Secondary Author(s)

Metzger, Donard

Report Number




This report presents an evaluation of the resources and energy systems at Fort Jefferson, located on Garden Key in Dry Tortugas National Park, Florida. Conducted by Florida Solar Energy Center staff on June 11-12, 1997, this evaluation builds on a prior evaluation conducted in May 1989. The purpose of this evaluation was to document the energy and resource needs at the site, and to identify possibilities for reduced costs through conservation measures and renewable energy options.

Approximately 700 kWh of electrical energy is used at Fort Jefferson on a daily average, supplied exclusively by diesel-fueled generators. Average diesel fuel consumption is on the order of 2400 gallons per month. The predominant electrical loads include air conditioners (65%), refrigeration (11%) and hot water heating (8%). Peak loads are estimated to vary between 50 and 70 kW, with an estimated minimum load of about 20-25 kW during late evening and early morning hours. The estimated cost of energy is $0.33 per kWh, and includes estimates of fuel delivery and maintenance costs.

Propane is used for cooking and clothes drying only, consuming approximately seventy five 100-lb cylinders per year. Fresh water is supplied by a combination of rainwater collection systems and seawater desalination from a reverse osmosis plant. A seawater distribution system is provided for all toilet facilities.

A number of conservation measures and renewable energy options are presented in this report. These include considerations for space conditioning and refrigeration equipment and other load management devices. For the purposes of evaluating renewable energy options, solar radiation and wind energy resource data for the Dry Tortugas is provided. The use of retrofit solar water heaters is evaluated, suggesting a simple payback period of three to five years. Evaluation of Resources and Energy Systems at Fort Jefferson.

Wind energy appears to be a viable resource for the site, with the annual performance of a nominal 10-kW turbine estimated to average 47 kWh/day. Although this represents only 6 percent of the average daily energy use, the simple payback period is estimated to be about four years. The use of a photovoltaic power system was investigated for supplying part of the facility loads at Fort Jefferson, however the economics suggest that this option is marginally cost-effective, with an estimated payback period of over fifteen years at $10 per kWp installed costs. The cost-effectiveness and payback periods for each of these options depends highly on the assumptions made and accuracy of existing and projected energy costs.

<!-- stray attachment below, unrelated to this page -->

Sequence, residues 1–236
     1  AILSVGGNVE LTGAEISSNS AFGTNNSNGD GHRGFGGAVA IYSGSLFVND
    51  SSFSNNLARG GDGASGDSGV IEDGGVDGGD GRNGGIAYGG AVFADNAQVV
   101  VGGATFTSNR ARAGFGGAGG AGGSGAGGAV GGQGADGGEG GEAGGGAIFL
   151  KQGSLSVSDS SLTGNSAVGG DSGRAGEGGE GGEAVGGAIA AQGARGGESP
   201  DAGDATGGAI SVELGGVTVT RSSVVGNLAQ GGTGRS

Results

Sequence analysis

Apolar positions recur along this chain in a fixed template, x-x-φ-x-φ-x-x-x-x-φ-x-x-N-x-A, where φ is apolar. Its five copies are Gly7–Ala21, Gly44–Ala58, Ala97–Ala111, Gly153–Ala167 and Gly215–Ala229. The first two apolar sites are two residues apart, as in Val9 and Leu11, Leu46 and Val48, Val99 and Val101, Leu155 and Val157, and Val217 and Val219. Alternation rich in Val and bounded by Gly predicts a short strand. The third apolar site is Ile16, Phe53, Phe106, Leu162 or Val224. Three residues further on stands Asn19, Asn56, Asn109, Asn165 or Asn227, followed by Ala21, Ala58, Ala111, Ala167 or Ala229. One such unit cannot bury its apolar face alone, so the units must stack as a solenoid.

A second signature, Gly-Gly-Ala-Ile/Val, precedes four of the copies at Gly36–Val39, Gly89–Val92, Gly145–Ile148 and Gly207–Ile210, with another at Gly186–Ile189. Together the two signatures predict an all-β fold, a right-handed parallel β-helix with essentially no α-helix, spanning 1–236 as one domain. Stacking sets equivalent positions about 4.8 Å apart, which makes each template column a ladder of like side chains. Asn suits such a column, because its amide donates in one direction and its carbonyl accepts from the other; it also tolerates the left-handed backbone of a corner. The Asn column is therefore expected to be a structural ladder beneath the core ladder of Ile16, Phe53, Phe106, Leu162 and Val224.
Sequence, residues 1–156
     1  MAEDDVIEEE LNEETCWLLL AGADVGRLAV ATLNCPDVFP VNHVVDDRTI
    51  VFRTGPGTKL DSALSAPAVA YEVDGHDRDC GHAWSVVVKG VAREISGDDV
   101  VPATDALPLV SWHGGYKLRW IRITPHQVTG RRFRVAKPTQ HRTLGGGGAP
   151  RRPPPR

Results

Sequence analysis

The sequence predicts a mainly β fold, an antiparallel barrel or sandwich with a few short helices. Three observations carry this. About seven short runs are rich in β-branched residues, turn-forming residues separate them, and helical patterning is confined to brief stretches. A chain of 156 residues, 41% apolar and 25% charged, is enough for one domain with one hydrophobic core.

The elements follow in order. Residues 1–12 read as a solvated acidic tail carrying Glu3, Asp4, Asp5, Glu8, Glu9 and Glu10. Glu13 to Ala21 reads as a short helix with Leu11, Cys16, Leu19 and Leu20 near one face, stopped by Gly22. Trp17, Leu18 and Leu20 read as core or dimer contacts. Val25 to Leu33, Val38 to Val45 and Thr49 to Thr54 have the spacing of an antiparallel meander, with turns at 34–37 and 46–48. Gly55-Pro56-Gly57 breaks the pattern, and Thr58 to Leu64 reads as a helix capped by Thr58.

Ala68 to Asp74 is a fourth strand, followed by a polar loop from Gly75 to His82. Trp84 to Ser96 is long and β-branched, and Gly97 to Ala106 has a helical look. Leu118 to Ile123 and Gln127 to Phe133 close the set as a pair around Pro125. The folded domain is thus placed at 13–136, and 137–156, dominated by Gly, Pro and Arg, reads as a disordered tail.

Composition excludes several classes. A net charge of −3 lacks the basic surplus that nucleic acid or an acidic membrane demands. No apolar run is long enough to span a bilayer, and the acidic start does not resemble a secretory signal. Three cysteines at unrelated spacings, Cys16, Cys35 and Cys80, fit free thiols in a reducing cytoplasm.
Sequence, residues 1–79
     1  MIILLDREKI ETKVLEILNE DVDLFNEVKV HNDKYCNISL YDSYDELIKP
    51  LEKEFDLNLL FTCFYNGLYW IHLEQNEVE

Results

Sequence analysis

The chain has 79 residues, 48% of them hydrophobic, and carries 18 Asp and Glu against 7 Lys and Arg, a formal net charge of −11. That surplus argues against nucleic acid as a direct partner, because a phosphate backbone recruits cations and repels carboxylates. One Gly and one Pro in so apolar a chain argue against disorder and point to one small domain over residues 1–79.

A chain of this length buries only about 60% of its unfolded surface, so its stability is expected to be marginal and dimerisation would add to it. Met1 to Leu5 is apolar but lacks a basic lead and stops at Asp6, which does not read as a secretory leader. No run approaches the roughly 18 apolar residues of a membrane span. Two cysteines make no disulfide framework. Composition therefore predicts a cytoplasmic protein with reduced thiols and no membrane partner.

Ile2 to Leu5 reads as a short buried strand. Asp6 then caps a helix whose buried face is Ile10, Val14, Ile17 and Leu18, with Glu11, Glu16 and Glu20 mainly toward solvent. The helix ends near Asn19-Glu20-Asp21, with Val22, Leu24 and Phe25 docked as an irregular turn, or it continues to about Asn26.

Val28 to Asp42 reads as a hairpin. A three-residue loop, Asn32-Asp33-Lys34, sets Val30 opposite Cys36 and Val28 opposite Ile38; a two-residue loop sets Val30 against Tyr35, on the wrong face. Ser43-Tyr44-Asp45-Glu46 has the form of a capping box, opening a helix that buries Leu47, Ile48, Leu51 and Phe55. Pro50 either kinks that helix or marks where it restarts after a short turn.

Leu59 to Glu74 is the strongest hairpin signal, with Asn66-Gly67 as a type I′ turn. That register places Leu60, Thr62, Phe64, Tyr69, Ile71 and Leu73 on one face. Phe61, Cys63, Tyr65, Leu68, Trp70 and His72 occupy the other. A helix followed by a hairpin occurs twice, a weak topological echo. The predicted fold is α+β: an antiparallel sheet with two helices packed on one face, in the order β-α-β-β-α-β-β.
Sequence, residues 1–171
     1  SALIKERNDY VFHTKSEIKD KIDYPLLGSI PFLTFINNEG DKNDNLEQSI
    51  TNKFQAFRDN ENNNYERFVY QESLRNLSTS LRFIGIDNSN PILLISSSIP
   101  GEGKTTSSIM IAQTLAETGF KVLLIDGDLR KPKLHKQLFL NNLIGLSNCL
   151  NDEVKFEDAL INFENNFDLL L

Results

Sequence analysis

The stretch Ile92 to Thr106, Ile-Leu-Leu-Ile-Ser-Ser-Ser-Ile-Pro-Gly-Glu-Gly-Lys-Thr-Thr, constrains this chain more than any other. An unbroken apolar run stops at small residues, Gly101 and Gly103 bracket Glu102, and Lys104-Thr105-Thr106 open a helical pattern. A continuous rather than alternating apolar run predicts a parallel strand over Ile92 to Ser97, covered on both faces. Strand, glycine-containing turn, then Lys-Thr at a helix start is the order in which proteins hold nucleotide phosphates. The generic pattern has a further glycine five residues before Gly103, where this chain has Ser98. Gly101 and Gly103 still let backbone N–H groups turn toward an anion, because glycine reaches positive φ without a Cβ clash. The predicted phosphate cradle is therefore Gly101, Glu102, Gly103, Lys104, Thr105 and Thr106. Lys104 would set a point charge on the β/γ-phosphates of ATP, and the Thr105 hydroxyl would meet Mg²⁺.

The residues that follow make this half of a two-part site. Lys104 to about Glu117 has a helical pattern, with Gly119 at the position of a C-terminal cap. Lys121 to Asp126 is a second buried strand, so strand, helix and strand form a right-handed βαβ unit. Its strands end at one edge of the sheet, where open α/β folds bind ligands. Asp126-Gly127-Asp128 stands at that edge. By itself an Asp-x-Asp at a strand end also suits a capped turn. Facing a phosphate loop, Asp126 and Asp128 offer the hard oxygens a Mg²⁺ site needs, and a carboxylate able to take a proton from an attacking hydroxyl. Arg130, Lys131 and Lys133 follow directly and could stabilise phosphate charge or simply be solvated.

Based on the data in this report, conservation measures and some renewable energy options should be strongly considered by NPS personnel responsible for Fort Jefferson. One option to consider would be the U.S. Department of Energy's FEMP program for renewable energy and conservation measures. Some of the options presented in this report may be acceptable for a shared-saving plan, whereas a contractor would install systems and equipment and be paid from savings from NPS operating funds. This arrangement has proved successful for many applications, and should be considered. Even without co-funding or other external financial support, the high energy and operating costs at Fort Jefferson suggest consideration of any viable measures to reduce costs.

Date Published




Local Subjects

Buildings - Energy Conservation; Photovoltaics


Text; Document


FSEC Energy Research Center® Collection



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